This of yours is a valuable sharing to me.  Thank you for it. I wish I could 
attend a retreat as the one you give description about. 
It also sounds as this retreat was a big boost to yourself practise zen.  I 
come across years ago the sutra of the breathing translated by TNH. I had an 
straight away affinity to it.  Then, some years later I had the chance of 
attending that 21 retreat about the sutra of the breathing . In spite of being 
an overcrowded retreat and not particular silence,  it was a big boost into the 
practise.  I slept very little on that retreat, perhaps between two, three and 
some lucky days four hours.  The reason of this was because when all the 
monastery was at sleep,  the silence of the night was overwhelming magic and so 
I spent it listening to the sounds of the night, sensing all those fresh spring 
smells, looking at the clear sky with so many stars...It was marvellous. So the 
sutra of the breathing between the day and the night kicked by the passing days 
like a gentle rain. 
Were there many people in your retreat?.  Were you the only westerner attending 
It was wise of the ones who guide the retreat not to put a particular emphasis 
in the way attendants would sit down.  As you know I suffer from a disability 
that deteriorated and can't do a sitting down on the floor.  I can sit down in 
some chairs.  Not as easy as sitting down, though some people think that in a 
chair is much easier.  But it's not. It's actually very challenging as it takes 
much longer to have the oxygen going into smoothly and circulating in harmony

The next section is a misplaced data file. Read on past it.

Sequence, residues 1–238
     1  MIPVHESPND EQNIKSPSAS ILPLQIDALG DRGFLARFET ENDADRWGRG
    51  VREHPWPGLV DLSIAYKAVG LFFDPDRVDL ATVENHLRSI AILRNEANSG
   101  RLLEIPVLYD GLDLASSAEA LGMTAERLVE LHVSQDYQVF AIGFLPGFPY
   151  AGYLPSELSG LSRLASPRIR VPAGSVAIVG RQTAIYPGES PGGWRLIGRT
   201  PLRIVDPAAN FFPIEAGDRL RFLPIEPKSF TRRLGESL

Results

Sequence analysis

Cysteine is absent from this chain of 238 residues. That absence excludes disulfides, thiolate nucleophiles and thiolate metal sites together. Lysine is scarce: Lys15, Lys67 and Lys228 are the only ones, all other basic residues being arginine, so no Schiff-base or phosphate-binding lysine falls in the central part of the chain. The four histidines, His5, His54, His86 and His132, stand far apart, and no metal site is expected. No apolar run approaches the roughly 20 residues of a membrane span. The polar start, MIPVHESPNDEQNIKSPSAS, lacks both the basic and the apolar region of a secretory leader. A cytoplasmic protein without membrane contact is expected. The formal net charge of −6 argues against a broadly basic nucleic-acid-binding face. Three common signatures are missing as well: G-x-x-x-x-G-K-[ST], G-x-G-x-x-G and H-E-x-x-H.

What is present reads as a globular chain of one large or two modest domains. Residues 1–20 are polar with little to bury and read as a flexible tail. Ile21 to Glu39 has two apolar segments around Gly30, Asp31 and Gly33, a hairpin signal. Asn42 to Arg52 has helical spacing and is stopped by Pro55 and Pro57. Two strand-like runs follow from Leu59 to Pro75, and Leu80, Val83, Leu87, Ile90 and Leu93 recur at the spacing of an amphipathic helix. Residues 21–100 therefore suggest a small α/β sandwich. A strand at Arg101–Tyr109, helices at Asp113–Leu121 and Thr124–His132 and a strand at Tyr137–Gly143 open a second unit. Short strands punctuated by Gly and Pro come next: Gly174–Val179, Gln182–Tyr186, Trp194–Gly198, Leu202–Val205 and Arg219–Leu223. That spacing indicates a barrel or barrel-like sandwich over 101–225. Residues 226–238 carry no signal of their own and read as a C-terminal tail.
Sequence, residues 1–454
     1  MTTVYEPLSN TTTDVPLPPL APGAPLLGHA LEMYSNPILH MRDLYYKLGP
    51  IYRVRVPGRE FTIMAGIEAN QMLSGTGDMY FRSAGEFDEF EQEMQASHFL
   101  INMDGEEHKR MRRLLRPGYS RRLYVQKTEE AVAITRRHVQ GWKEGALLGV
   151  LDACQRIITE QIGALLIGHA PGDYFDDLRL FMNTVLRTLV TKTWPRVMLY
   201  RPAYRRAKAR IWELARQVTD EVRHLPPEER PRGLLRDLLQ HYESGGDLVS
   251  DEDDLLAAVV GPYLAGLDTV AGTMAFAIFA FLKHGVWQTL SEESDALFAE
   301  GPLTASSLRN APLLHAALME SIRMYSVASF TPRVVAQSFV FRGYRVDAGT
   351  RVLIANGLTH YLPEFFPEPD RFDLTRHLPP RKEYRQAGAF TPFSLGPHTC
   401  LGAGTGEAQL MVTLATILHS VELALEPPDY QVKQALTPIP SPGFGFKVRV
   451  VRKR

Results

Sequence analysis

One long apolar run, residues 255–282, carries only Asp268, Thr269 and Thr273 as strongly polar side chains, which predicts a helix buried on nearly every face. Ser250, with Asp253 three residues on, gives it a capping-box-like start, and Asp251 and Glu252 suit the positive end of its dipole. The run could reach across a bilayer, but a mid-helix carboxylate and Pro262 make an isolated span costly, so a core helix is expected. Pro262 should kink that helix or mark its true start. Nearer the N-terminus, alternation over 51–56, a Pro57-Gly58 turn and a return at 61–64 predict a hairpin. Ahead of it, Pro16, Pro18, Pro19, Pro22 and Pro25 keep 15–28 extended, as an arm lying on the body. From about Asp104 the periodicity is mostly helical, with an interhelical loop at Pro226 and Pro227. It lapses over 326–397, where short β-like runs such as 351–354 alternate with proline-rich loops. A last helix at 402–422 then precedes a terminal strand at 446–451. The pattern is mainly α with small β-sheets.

through all body.  It takes patiente and much longer time to achieve that while 
sitting on a chair  that it takes when sitting down.  To make matters worse, 
the chairs from the monastery were not good chairs and took me several days in 
a row before I could make my little throne and sit down for as long as I wanted 
there. And then yes, free from pain...wow, what a pleasure to feel my breath 
going out and out!.  Do you think were the endorphin es too?.
How did you manage not to fall into sleep after such long hours?.
A big smile to you
--- On Thu, 14/10/10, mike brown <uerusub...@yahoo.co.uk> wrote:

From: mike brown <uerusub...@yahoo.co.uk>
Subject: Re: [Zen] New member.
To: Zen_Forum@yahoogroups.com
Date: Thursday, 14 October, 2010, 12:28


Well, a 10 day vipassana course is pretty much like an 8 day sesshin except in 
the following ways. The vipassana course goes for 10 days and there is 
absolutely no talking, reading, writing or any form of communication 
whatsoever. Wake up at 4am; last meal 11.30am; lights out at 9.30pm. Mediatate 
all other times. There is no emphasis on how you sit to meditate and you can 
use whatever you like (any number of cushions etc). The first 4 days just gets 
you to concentrate on the air moving in and out of you nostrils with the 4th 
day concentrating only on the space below the nostrils where the breath 
enters/exits. On the 5th the Vipassana 'technique' proper begins which involves 
a kind of 'scanning' of the body (from head to toe) or subtle sensations. This 
has the effect of pushing the consciousness into very subtle levels. On the 5th 
or 6th day you're expected to not move for one hour - not one movement! This is 
realllllllllllllly difficult and pushes you
 into levels of pain you cannot begin to imagine! However, an amazing thing 
happens. You can be in intense pain around the 40 minute mark (if you haven't 
moved), but suddenly the body/mind experiences a letting go of the pain and 
changes to intense bliss and euphoria - and I mean ecstasy (personally, I don't 
think this is anything 'spiritual', but just the effect of endorphins). The 
lesson learnt is that nothing lasts (pleasure - pain) and so not to 
cling to/avert anything. Equanimity is the state that walks that middle line. 
Now, this may all seem pretty obvious to those of us aquainted with Zen and 
Buddhism *but* reading or imaging pain/pleasure is one thing, but the intense 
experience of it (try not moving *at all* for one hour) is 
another. Furthermore, the course is absolutely free of any religious 
icons/paraphenalia and is also completely free of cost (incl. accom. and food). 
An amazing experience. The SAS of the meditation retreats!

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